I can think of three reasons why discretization might help in some problems.
It makes sense for your problem
Continuous variables such as age are better understood when discretized into meaningful groups: infants, youngsters, young adults, adults, senior, ... this is common in the field of marketing, because a small number of years do not really make much different in one person's interests.
To give another example, when working on a dataset with GPS locations, it might be more useful to discretize those into contry/state locations.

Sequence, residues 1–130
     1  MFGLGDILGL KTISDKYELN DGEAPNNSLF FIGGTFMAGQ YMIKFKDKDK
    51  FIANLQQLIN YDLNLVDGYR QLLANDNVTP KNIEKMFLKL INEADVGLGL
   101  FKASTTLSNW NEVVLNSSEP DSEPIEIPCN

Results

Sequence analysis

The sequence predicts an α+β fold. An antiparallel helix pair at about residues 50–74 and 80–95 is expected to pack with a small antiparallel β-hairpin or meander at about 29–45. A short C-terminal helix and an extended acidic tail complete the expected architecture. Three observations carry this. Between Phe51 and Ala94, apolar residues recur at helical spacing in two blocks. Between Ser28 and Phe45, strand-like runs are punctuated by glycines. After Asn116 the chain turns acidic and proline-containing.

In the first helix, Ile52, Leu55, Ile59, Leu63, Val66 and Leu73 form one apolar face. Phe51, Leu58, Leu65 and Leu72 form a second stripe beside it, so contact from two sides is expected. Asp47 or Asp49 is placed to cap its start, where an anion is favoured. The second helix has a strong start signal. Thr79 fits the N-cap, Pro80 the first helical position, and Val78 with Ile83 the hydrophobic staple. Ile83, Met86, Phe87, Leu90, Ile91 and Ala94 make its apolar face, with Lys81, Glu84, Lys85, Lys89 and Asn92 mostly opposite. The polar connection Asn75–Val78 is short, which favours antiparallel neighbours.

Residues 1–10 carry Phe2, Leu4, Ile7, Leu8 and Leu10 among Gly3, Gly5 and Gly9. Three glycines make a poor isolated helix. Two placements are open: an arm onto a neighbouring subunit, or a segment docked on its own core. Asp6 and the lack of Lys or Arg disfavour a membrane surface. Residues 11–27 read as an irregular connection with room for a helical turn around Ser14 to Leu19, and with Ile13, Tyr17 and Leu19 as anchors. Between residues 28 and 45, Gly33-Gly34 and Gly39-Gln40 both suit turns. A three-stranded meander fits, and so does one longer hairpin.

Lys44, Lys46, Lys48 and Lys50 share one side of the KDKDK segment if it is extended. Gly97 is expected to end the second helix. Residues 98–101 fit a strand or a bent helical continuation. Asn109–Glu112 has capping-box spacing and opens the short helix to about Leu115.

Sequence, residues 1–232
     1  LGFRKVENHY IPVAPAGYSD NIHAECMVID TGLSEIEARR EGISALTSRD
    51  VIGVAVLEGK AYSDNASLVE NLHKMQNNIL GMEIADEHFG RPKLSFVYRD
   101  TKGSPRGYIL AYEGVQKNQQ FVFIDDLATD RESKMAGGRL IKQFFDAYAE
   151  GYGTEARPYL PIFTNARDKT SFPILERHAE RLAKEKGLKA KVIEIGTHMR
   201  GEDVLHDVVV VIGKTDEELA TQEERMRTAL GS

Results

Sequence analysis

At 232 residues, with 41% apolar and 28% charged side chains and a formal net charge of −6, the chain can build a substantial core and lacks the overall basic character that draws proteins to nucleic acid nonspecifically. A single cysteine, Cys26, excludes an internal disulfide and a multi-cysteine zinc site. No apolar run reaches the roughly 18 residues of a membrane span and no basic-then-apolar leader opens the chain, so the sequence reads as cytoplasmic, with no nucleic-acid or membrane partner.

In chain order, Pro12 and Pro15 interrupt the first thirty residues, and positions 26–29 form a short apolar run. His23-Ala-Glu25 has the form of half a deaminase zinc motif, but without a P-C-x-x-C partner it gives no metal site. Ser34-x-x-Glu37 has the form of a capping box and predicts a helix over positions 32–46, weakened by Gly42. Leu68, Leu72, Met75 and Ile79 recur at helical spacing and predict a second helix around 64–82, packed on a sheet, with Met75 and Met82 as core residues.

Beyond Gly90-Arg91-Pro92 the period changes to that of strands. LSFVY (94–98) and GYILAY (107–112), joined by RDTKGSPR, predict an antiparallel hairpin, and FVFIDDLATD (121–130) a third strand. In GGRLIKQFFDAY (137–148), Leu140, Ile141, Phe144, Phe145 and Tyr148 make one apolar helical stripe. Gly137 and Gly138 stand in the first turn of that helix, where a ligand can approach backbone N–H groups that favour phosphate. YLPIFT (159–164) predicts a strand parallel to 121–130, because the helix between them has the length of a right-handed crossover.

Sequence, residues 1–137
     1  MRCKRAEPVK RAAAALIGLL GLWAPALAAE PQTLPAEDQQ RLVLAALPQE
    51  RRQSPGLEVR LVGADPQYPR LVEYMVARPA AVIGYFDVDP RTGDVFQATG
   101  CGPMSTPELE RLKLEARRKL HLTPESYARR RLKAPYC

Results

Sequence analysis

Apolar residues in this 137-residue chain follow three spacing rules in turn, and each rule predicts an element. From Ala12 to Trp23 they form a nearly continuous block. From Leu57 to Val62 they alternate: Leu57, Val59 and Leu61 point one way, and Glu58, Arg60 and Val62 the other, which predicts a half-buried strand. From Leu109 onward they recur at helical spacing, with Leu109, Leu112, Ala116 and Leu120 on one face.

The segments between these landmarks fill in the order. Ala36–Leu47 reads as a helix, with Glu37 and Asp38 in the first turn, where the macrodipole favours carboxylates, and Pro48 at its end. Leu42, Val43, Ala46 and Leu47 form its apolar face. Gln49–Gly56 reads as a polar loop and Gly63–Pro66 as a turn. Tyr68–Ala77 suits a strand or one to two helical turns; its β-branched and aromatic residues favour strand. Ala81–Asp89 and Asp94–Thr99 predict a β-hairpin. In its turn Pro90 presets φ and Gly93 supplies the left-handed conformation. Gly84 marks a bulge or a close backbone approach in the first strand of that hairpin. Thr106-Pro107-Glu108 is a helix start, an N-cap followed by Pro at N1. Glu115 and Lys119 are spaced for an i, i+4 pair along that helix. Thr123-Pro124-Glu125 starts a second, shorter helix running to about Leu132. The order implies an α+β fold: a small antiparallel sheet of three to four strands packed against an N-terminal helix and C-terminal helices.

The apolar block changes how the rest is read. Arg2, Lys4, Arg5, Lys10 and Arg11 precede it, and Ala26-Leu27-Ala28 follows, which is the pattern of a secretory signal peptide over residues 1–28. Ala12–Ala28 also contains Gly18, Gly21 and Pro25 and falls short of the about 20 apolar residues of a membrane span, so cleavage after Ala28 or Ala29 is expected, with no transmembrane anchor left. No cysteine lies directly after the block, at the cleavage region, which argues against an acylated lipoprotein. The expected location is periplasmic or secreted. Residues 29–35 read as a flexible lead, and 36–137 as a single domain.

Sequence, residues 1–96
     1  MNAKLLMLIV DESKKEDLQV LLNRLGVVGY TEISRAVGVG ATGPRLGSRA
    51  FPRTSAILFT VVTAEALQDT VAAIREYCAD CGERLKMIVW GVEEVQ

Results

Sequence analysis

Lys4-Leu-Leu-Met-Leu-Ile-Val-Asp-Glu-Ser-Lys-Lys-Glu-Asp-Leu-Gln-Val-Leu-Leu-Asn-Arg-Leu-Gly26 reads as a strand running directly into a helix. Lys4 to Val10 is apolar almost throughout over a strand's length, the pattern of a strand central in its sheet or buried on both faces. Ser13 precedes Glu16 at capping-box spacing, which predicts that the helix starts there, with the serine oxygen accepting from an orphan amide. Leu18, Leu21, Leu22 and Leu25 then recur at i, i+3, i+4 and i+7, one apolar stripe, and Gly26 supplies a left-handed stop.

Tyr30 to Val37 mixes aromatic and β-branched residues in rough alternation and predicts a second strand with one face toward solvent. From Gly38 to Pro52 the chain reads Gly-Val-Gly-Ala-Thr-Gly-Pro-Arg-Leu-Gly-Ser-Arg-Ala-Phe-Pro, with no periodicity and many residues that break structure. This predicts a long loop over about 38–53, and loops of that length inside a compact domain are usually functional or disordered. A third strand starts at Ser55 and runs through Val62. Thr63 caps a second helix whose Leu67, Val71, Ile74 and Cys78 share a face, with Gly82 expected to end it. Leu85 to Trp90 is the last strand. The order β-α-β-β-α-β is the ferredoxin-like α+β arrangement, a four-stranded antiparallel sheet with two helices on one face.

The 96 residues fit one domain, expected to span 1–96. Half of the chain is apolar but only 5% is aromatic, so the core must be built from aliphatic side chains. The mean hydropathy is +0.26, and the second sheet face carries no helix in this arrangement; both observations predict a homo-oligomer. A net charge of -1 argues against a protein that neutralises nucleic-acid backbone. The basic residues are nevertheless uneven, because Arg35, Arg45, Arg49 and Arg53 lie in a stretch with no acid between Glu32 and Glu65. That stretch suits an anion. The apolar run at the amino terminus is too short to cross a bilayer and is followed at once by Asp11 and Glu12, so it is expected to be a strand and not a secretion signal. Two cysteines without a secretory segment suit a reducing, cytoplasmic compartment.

A continuous feature might not linearly correlate with your target but have a more complex non-linear correlation. In that case, obtaining an interpretable explanation of such feature won't be easy. However it you discretize it into a set of groups or levels, you might find that some of them correlate (or anticorrelate) with your target, giving you some interpretability.
Some machine learning models and feature selection methods can't handle continuous features, such as entropy-based methods, or some variants of decision trees or neural networks. Either you discretize your features or forget about using such models.